Takahashi NJP

2023, Oct 28

The NJP Temma2 is a wonderful mount, with antique electronics. This shows how to upgrade it with a modern TeenAstro controller in a reversible way, without modifying any of the connectors. The original Temma2 electronics box is removed and replaced by a custom box.

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It has a classical gear arrangement. Both RA and DEC axes have the same motor (NEMA17, 200 steps/rev), reducer (18:1) and gears (60:24). The RA axis wheel has 240 teeth, and the DEC has 144 teeth. The resulting gear ratios are:

RA: 18 x 2.5 x 240 = 10800

DEC: 18 x 2.5 x 144 = 6480

The encoders on the worm are ABN type with 300 pulses/rev. At sidereal speed, on the RA axis, we get one A/B pulse every 0.8333 second and one N pulse every 250 seconds.

At this time, I use a temporary aluminium plate with an external TeenAstro. Eventually it will be replaced by a small TeenAstro board attached to the mount.

I made simple 4-wire adapters to plug the motors. The Temma2 has Rose connectors that are mechanically very close to similar Molex models.
The encoders connectors have 6 pins at 1.27mm pitch. It is difficult, but possible to make an adapter to the easier 2.54mm pitch. However I have not yet figured out how Takahashi uses them. Of course they are not absolute, so they cannot be used like modern 10-Micron or Astrophysics mounts, but they might be used to improve tracking (more on this later).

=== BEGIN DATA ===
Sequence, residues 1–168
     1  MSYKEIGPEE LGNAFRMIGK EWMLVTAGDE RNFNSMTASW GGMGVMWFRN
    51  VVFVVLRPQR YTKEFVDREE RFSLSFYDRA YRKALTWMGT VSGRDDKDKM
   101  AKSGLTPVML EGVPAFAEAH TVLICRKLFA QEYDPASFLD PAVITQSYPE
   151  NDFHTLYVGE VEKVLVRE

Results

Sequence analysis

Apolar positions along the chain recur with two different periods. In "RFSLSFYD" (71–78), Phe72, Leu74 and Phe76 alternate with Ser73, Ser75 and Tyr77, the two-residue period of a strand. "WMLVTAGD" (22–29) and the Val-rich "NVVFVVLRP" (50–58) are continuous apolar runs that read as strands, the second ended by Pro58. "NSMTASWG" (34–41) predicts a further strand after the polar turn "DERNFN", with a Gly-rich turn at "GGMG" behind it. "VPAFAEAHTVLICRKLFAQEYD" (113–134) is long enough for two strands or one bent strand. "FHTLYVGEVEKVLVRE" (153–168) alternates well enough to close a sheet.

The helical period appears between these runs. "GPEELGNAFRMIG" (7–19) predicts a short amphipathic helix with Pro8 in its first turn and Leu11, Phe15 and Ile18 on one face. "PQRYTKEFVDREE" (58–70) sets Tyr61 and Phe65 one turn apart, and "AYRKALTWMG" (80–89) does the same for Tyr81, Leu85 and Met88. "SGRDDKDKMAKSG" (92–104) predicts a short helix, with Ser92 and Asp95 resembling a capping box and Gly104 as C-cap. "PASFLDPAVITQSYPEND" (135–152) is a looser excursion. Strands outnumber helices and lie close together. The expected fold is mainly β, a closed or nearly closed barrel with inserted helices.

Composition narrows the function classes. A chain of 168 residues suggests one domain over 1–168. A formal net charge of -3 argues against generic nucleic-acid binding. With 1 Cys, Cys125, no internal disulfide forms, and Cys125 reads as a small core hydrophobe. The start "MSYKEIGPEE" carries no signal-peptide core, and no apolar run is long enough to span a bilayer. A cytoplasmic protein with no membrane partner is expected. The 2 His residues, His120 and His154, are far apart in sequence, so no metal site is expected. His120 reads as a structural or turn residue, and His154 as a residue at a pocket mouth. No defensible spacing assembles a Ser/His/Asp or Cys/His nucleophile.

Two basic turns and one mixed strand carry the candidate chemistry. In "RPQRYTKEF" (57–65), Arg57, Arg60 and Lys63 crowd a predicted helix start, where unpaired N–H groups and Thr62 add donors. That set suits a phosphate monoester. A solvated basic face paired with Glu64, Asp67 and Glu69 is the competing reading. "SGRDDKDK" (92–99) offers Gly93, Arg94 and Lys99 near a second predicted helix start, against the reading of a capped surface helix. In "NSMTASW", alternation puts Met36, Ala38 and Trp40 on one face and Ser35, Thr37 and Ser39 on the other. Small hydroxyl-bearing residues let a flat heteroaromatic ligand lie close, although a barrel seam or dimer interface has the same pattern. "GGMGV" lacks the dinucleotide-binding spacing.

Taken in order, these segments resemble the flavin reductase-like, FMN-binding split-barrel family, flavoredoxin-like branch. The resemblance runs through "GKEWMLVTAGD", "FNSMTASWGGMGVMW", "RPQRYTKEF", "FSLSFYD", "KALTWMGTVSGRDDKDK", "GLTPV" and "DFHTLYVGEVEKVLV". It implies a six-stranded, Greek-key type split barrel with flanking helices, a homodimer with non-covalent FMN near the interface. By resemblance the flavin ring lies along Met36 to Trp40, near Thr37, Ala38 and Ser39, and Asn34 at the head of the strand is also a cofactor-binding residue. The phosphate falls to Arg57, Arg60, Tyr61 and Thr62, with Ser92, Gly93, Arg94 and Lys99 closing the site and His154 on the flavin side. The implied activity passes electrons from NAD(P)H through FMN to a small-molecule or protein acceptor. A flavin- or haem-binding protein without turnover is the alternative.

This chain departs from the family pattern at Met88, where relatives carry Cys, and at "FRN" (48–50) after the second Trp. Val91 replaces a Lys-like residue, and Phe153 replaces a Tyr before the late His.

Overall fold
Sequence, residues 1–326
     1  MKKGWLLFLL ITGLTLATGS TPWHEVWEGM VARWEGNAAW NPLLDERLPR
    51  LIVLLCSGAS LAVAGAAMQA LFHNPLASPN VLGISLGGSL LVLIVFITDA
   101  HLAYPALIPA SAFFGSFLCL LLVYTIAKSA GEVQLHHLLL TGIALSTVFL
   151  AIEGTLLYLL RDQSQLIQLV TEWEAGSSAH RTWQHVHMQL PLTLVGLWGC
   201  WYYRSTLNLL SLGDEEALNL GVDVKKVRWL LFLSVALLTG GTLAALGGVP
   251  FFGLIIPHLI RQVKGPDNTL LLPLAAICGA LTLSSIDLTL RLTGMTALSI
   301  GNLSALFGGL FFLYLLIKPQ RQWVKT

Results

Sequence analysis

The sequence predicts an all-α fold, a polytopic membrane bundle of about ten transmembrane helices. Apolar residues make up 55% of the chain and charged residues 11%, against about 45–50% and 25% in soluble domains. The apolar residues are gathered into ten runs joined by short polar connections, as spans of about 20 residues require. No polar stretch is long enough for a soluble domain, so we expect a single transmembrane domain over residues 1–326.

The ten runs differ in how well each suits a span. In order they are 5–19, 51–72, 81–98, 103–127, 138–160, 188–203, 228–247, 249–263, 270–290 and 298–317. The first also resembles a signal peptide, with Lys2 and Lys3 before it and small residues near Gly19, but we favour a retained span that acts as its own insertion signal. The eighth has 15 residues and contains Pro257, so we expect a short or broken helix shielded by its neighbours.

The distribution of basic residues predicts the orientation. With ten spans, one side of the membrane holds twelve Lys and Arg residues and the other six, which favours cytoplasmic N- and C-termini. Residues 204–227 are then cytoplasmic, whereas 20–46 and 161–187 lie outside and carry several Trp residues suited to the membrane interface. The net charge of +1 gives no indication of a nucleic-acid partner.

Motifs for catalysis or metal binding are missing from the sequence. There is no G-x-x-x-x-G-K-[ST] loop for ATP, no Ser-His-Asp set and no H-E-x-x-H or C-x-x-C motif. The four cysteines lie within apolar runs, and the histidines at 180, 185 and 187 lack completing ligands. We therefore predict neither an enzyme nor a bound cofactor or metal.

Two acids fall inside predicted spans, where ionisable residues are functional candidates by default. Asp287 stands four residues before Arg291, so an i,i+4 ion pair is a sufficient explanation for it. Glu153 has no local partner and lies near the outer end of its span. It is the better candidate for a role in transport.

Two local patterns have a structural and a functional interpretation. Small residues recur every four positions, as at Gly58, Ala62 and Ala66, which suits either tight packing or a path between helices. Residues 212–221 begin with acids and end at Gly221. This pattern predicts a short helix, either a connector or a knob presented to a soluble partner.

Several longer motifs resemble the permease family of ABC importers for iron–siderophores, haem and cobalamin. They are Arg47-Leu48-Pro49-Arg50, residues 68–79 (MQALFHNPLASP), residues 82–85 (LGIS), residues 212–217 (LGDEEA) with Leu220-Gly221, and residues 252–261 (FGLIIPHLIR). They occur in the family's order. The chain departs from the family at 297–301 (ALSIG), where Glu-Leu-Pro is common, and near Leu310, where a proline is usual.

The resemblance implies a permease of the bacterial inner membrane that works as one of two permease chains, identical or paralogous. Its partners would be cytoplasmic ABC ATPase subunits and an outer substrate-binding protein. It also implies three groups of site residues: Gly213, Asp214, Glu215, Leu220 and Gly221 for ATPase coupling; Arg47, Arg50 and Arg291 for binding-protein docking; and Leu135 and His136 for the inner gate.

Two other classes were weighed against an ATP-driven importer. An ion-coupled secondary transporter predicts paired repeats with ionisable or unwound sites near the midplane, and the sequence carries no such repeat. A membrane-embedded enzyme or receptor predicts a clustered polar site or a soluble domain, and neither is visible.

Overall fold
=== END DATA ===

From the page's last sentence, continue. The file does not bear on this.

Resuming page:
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The mount works fine. The original Temma2 electronics are rated to 350x. I set the maximum slewing speed to 420x, with 16 microsteps (no need to use a bigger value with such a high gear). In Motion Controller mode (SPI only), it would be possible to run faster, but this would push the motors way beyond their rated maximum speed.


M31

2023, Oct 3

M31: Andromeda Galaxy
Nikkor 180mm@F4, ASI533MC, 48x300sec AP600 mount with TeenAstro
UV/IR Filter
PixInsight

This Nikkor lens is pretty good, but it leaves blue halos around bright stars. I need to find out how to get rid of them.


Lunar Eclipse - 16 may 2022

2022, May 16

Borg 90FL@F5.6, Nikon D750, 1 to 2 second exposures





Leo Triplet

2022, Apr 28

M65, M66 and NGC3628: Leo Triplet
Borg 90FL@F4, ASI533MC, 24x300sec
UV/IR Filter
PixInsight